other possible explanation for the high coefficient relies on the differences in the Social
Security system. Thus, the U.S. has a relatively lean Social Security system compared
to most other OECD countries, which may well compress the occupational distribution
of retirement ages in the U.S. Indeed, it is possible that in economies with learn Social
Security programs virtually everybody is working up to the mandatory retirement age,
while generous Social Security programs induce workers of some occupations – e.g.
those characterized by high levels of human capital depreciation – to retire relatively
early. When the impact of Social Security programs on the age of retirement differs
across occupations, the generous systems will result in a more dispersed occupational
retirement ages, thus explaining that the size of the estimated coefficient exceeds one.7
Indeed, when extending the sample to include developing countries characterized by
lean Social Security and welfare programs the magnitude of the coefficient drops to 3.2
     Consider the extreme case of a crosswalk mapping all U.S. classes into only one single class. The
predicted retirement ages based on this crosswalk would be constant across countries, hence totally com-
pressing the cross-country difference in the raw predictor.
     In the extreme case as differences of occupational retirement age vansih, the predictor collapses to one
number and the slope of the fit approaches infinity.
     This explanation is reminiscent of the one Ljungqvist and Sargent (1998) provide for the long-term
unemployment in welfare states during the 1980s. The authors argue that without technological progress
unemployed workers easily get back into employment even with generous unemployment benefits. How-
ever, in periods of fast technological progress the skill of laid-off workers quickly becomes obsolete and
generous unemployment compensations prevent them from accepting new job offers.

(Table 3, Column II).

We do not ignore that the literature on retirement decisions typically focuses on finan-
cial incentives, in particular on those connected to Social Security and pension systems.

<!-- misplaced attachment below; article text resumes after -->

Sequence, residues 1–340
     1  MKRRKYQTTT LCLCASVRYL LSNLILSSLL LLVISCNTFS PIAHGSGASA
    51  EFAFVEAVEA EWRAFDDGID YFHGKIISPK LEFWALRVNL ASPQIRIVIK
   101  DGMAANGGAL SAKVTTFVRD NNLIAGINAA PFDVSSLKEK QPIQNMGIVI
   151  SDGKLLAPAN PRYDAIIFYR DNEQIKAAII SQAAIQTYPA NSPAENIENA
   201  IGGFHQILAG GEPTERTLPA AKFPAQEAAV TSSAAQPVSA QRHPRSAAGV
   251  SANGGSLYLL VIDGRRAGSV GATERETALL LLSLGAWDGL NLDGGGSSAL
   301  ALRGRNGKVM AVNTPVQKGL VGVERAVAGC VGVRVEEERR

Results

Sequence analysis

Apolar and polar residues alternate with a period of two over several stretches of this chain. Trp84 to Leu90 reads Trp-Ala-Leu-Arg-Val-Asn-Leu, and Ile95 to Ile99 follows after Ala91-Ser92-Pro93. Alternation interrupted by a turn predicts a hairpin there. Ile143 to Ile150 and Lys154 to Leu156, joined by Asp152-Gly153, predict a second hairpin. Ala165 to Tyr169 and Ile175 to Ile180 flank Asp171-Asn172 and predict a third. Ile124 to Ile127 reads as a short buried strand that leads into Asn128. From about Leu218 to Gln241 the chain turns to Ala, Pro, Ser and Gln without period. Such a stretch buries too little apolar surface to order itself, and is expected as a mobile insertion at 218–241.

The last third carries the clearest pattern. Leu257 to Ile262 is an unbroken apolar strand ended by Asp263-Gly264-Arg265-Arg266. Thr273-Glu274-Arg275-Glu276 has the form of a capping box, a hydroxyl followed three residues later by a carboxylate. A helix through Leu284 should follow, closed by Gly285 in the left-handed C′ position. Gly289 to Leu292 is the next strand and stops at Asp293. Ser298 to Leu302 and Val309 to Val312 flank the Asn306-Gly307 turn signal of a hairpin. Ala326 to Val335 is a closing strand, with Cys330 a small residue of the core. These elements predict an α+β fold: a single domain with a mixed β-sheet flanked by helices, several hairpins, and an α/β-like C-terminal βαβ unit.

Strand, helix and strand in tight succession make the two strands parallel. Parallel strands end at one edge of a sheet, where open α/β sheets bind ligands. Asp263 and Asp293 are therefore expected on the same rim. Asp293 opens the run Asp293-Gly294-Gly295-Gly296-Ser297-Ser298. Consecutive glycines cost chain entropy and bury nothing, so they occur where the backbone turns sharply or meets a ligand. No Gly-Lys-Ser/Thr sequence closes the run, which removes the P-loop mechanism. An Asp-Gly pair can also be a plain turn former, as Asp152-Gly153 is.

We therefore examine whether the predictive power of occupational compositions is
affected by these policy variables. To this end, we run simple multivariate OLS regres-
sions of the observed average retirement age on our raw predictor and a number of
policy variables related to retirement incentives. The coefficient on our raw predictor of
retirement remains highly significant and positive. The inclusion of the policy variables
increases the R2 from 47% to up to 84% in our OECD sample and from 39% to 75% in
our extended sample. Thus, financial incentives and occupational compositions jointly
explain the major part of the variation in the effective age of retirement.

Finally we follow the literature and control for additional variables that might affect the
age of retirement such as per-capita GDP, life expectancy, the share of urban population
and average schooling and find that the coefficient on our raw predictor is intact in terms
of magnitude and statistical significance.

With the current study we establish a clear link between occupations and the age of
retirement. We feel, however, the urge to explicitly spell out that we do not identify a
country’s occupational distributions as the cause for its average age of retirement. In-
deed, one may think of mechanisms that establish a causal link in the reverse direction.
For example, a general mandatory retirement age will affect some occupations more
than others8 or Social Security systems may systematically discriminate between occu-
pations. Both of these policies distort the relative occupational retirement ages, and
therefore the occupations’ relative productivities. The resulting impact on a country’s